Chenoa Flippen reviews Sarah Mayorga-Gallo's Behind the White Picket Fence: Power and Privilege in a Multiethnic Neighborhood (Chapel Hill: University of North Carolina Press, 2014).
Sarah Mayorga-Gallo's Behind the White Picket Fence explores how race, class, and ethnicity shape daily life and power sharing in "Creekridge Park," a pseudonymous multiethnic neighborhood located in Durham, North Carolina. In the early twentieth century, the neighborhood was predominantly white working- and middle class, but as the housing stock aged in the late 1980s, more African American families gained access. Creekridge Park also experienced an influx of Latino immigrants after 2000, as the overall Latino population of Durham grew rapidly. With a mix of single-family homes and apartment complexes built during different periods, the neighborhood was home to 1,570 people in 2010, among whom 34 percent were non-Hispanic white, 39 percent were black, and 26 percent were Hispanic. At that time, 66 percent of residents were renters.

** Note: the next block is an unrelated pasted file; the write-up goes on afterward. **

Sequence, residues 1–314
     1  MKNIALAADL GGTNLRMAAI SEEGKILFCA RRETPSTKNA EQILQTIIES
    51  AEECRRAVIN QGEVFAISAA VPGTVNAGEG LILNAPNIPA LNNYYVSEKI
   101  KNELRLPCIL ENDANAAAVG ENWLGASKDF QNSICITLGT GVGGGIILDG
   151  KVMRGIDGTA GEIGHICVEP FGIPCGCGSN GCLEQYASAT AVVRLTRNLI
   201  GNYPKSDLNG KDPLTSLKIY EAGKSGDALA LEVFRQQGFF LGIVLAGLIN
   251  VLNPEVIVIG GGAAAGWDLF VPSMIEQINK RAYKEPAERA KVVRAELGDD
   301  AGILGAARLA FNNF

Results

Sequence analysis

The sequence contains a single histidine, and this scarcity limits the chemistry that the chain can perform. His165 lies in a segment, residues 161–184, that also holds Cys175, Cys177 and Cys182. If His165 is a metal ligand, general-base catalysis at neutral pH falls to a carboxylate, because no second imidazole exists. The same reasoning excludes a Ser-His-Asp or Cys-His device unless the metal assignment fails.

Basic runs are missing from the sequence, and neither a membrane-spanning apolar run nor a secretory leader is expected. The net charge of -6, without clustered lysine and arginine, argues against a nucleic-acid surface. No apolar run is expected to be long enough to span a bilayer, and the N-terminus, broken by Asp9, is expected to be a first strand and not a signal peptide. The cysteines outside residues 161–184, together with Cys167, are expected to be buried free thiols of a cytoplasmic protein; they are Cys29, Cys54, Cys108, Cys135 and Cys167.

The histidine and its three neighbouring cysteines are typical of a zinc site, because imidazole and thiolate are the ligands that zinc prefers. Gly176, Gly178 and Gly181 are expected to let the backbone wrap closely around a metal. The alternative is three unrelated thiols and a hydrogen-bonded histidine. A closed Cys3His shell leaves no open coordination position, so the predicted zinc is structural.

Given the demographics, one might suppose that Creekridge Park represents a well-integrated racial and ethnic neighborhood. However, drawing on interviews, surveys, and participant observation, Mayorga-Gallo, an assistant professor of sociology at the University of Cincinnati, argues against the "tyranny of proportionality," or the over-reliance on statistical measures of neighborhood diversity and integration (6). Nominal integration does not equate with power and resource sharing, equal status, or reciprocity in relationships; rather, closer examination of the everyday interactions among residents reveals how seemingly benign and race-neutral practices perpetuate inequality.